“Where do you guys imagine your food comes from?” asked Aja Grande ’18 as she drove a van filled with members of Brown’s Ethnobotany Society toward a greenhouse on a small farm in Cranston. Pak Express Farm is barren in the early stages of spring, but within its white greenhouse grows a wide variety of vegetables that are sold to Brown students and professors as market shares.
Chang Xiong emigrated from Laos in 1996 and started Pak Express Farm five years later. It was much easier to farm in her home country, she said, because transplanting was not necessary — the soil here does not hold the same qualities. Xiong grew sugar cane and papayas in Laos, but in her Rhode Island greenhouse, she pointed out green onions, sweet peppers and peas. The broccoli grew out of seeds sent to the United States by Xiong’s sister, who still lives in Laos.
Students examined rows of seedlings and touched their leaves, listening as Xiong explained how one plant could be used to make a medicinal soup for new mothers and described a vegetable whose name she could not translate. There’s something inexplicable about being outside, surrounded by plants, Grande said. “You feel enlightened, you feel refreshed.”
Grande formed Brown’s Ethnobotany Society this semester to hear different viewpoints on human-plant interactions and to connect students to flora through off-campus excursions like this one.
Ethnobotany, which emerged alongside anthropology, focuses on the multifaceted relationship between people and plants. Though there is no standalone concentration at Brown, students have found ways to focus their studies on ethnobotany through other areas of study, such as fashion, food or medicine.
In studying ethnobotany, Grande emphasized the importance of preserving indigenous knowledge on plants. “There are cultures that are dying, and their knowledge of certain plants is indispensable,” she said, adding that this kind of information may not be widely known or utilized by doctors.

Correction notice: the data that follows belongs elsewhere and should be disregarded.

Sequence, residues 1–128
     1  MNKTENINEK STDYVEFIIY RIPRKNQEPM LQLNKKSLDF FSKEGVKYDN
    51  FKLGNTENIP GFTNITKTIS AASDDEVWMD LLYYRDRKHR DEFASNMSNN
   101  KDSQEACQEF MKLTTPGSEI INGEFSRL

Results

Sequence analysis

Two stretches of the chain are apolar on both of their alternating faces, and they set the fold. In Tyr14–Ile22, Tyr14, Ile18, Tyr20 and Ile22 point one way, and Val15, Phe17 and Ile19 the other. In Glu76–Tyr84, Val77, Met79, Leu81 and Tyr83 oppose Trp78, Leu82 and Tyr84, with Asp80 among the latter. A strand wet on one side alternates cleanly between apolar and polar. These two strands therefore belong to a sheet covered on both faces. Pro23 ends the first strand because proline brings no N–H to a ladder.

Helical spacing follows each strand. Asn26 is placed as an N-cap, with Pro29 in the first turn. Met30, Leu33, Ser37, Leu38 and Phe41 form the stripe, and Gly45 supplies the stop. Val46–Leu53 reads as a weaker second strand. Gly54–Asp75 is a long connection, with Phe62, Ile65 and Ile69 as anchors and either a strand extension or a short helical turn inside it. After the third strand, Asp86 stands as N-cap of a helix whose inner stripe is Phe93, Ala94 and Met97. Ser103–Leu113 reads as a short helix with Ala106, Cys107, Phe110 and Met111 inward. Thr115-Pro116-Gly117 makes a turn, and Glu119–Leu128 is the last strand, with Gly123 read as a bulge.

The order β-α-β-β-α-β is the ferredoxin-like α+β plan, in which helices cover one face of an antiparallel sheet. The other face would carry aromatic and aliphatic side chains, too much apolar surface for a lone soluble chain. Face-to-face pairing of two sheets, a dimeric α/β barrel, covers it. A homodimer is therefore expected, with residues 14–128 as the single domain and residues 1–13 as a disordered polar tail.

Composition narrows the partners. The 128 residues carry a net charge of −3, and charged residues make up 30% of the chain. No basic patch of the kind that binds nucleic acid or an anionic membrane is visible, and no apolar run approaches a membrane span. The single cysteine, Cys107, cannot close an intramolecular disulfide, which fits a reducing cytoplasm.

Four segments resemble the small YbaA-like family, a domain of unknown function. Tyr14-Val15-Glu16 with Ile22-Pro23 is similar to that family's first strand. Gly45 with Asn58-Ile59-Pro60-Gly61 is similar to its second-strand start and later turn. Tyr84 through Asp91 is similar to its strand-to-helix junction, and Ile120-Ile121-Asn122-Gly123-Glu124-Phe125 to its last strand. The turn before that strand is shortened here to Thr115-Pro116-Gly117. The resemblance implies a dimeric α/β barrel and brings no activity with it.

Shannon Kingsley ’20, a concentrator in history and biology, was also drawn to the use of botany by indigenous groups, especially in comparison to the treatments used in the health care system. “There are benefits of using natural products to heal ailments versus using a drug from a store to suit your medical needs,” she said.
In medicine, “the thought that plants could really have healing power is novel,” said Spenser Anderson ’18, who plans to concentrate in public health and development studies. “It forms a different kind of science.” Biotechnology has also made great advances by mimicking nature, he added.
Chiara Arellano ’20, an environmental studies concentrator, has tended to focus her studies on humans more than plants. But she was intrigued by the science of plant identification.
The Ethnobotany Society’s next event will bring students into the forest May 15 to hunt, identify and eat mushrooms. Grande hopes other members will bring ideas for the society to her, expanding the club’s focus. “That’s how disciplines get started,” she said. “A random group of people.”
Xiong will transplant her seedlings into the earth beginning this month, continuing to work eight hours a day with her plants.
“I like to farm,” Xiong said. “You become strong.”